ABILENE, Texas (KTAB/KRBC) – The only woman from Texas competing in the NCAA (National Collegiate Athletic Association) Cross Country National Championship is right out of Clyde, Texas. This feat was nearly not doable for Kylah Holland.
Holland said she prides herself on being from Clyde. She loves the Lone Star State, even representing them with red, white and blue shoes to resemble the Texas flag.
Growing up a country girl, Holland said she loved being with and near her family, spending time with and riding horses. Most of all, though, she loved just running.
“I was running around like crazy ever since I could run,” Holland said. “Whenever I got into seventh grade, I loved track, so I knew what I was going to do.”
There are many similarities, according to Holland, between running and riding. Like the freedom you feel and at times, feeling like you’re flying. While nervous at first to hop on the massive animal, it’s the feeling of accomplishment that drove her to success. That’s what she felt the first time she stepped into her lane as a 12 or 13-year-old, about to run an 800-meter.
“I remember it was two laps, and I ran as fast as I could,” Holland recalled. “I felt like I was flying.”
Holland told KTAB/KRBC she tried out for both cross country and track in the eighth grade and has been running ever since. As her college years approached, she dreamt of staying near Clyde, but received an offer from West Texas A&M in Canyon to run. She couldn’t refuse, despite the nerves leaving home.
One August day, Holland would show up for class in Canyon and wouldn’t return to the Big Country until that Thanksgiving. Between the stresses of school and missing her family, she decided one year was long enough. However, after a rough first year of collegiate competition, it too, began to wear her down.
The always upbeat, dedicated and hard-working Holland said she felt defeated, leading her to one of the toughest decisions in her life, giving up her running career.
“I was just running to try to survive. Bad race after bad race,” Holland explained. “I took six months off from running completely after leaving WT. I kind of hated it at that point in my life. I didn’t want to run. I questioned myself, ‘why am I running? Why do I put myself through this?'”
In the midst of Holland’s break, she said she began to have nightmares, regretting the decision. She said she missed the long days, the tired legs and even the pain in her lungs after a long, hard run.
“I didn’t want the dream to slip away,” Holland reported.
Once this Clyde native started at Hardin-Simmons University (HSU), she said she began to see the progress she’d gained over the years, lighting that passion again.
It wasn’t without a little help, though. During the COVID-19 pandemic in 2020, Sydney Tencate, a former West Texas A&M student (also for one year only) and HSU record-holding cross country runner, continued her running casually after she graduated in 2019.
Tencate said she used the Strava app on her phone, allowing her to check her run times, calories burned and distance. She said you can even connect with friends, but she received an invitation from a stranger.
“She added me on Strava, and I was like, ‘who is this girl,’” Tencate questioned of her past self. “I saw she was from Clyde and had gone to West Texas A&M, so I reached back out.”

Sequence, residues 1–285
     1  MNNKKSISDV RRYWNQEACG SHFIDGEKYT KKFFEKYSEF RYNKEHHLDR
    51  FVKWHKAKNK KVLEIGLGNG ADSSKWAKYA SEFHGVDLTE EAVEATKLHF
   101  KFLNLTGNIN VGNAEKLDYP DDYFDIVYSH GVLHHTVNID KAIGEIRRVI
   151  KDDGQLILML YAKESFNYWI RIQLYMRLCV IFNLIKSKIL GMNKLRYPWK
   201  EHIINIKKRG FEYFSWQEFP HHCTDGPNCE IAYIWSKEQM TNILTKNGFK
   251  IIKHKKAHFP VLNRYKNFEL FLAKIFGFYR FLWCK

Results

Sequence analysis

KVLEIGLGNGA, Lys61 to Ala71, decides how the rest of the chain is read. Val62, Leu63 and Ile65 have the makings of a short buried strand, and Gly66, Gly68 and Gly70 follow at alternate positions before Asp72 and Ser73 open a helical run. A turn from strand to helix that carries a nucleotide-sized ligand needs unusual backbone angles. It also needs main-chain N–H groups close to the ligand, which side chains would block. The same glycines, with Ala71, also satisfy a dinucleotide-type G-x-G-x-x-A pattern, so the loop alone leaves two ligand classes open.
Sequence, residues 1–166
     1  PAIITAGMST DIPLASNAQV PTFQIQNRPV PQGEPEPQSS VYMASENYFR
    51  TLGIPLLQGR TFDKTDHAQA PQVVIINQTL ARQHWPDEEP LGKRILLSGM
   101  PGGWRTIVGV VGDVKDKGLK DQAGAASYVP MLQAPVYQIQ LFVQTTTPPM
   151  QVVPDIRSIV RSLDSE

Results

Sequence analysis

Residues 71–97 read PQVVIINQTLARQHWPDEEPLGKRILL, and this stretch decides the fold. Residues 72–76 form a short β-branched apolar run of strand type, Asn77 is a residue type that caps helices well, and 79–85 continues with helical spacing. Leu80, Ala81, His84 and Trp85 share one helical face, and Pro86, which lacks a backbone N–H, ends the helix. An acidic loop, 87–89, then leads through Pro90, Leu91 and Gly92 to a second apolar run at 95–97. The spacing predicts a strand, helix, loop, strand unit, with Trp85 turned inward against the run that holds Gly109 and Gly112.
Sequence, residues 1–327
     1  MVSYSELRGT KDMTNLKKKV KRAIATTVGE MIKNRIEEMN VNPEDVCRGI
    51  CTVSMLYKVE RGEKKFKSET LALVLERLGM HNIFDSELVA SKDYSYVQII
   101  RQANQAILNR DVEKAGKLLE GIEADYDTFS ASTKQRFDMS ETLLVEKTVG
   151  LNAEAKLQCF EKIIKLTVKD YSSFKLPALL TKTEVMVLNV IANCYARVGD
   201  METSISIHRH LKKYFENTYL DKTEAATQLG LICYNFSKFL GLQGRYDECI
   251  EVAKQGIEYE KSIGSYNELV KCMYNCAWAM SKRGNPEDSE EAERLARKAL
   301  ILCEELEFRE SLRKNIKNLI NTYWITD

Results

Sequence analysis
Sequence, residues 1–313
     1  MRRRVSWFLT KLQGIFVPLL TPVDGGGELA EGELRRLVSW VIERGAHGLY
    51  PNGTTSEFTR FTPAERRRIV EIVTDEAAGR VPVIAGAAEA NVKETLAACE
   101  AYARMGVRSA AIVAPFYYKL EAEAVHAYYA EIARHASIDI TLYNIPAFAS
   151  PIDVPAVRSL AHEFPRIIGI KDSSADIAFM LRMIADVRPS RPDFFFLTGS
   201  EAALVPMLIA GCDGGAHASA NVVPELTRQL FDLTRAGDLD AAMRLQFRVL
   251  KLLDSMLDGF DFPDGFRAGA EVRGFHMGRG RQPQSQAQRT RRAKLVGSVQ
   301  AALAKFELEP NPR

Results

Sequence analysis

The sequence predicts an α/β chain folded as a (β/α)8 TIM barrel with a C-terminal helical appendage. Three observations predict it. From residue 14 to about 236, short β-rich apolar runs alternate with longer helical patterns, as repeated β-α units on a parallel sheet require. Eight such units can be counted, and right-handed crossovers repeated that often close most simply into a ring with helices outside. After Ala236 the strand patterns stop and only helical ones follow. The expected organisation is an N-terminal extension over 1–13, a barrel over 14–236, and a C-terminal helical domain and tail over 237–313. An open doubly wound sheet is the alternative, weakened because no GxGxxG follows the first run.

The two women accepted each other’s friend requests, but little did they know the unique relationship they were about to build. Right off the rip, Tencate knew Kylah Holland was different.
“I saw she ran six miles in her driveway, so I knew she was dedicated,” Tencate said in experience.
It was just a year later that they found their friendship had an unexpected twist. Sydney Tencate is the Assistant Cross Country and Track coach at HSU, while Kylah Holland was her athlete.
A unique bond to say the least, Tencate said she and Holland are able to keep their friendship strong while also having a professional coach-to-athlete relationship while training – even when Holland began breaking all of the records Tencate had set in her time as an HSU athlete.
“She got mad she finished first, because she didn’t beat my record by one second,” Tencate laughed. “I said, ‘Kylah, it’s ok,’ and she was like, ‘you get it for one more year.’ She obliterated it at regionals by 30 seconds the next week.”
Tencate told KTAB/KRBC she’s glad Holland has beat her records and wishes that for all of her athletes. She called meeting her a ‘godsend’ because of her dedication, work ethic and love for running.
Two different people with very similar paths to success, and they make the perfect pairing as friends, athletes, and competitors – pushing each other to be the best they can be.
“I didn’t think I was fast enough, but here I am now and I’m ready to see what I can do,” Holland said.
Holland even made herself the promise that if she qualified for the National Championship, she’d wear purple and yellow nails to represent HSU.
Now, both Holland and Tencate are preparing to board a flight to Michigan, wearing those purple and yellow nails, to compete in the NCAA national championship race.
She is the first ever single qualifier in Hardin-Simmons University history, finishing fifth and a qualifying time of 21:58 in the regionals.
You can cheer Kylah Holland on from home, as well. According to the NCAA, the women’s race will begin at 10:00 a.m. here in Texas and will be livestreamed with up-to-date statistics until the awards ceremony is finished. Click here to watch.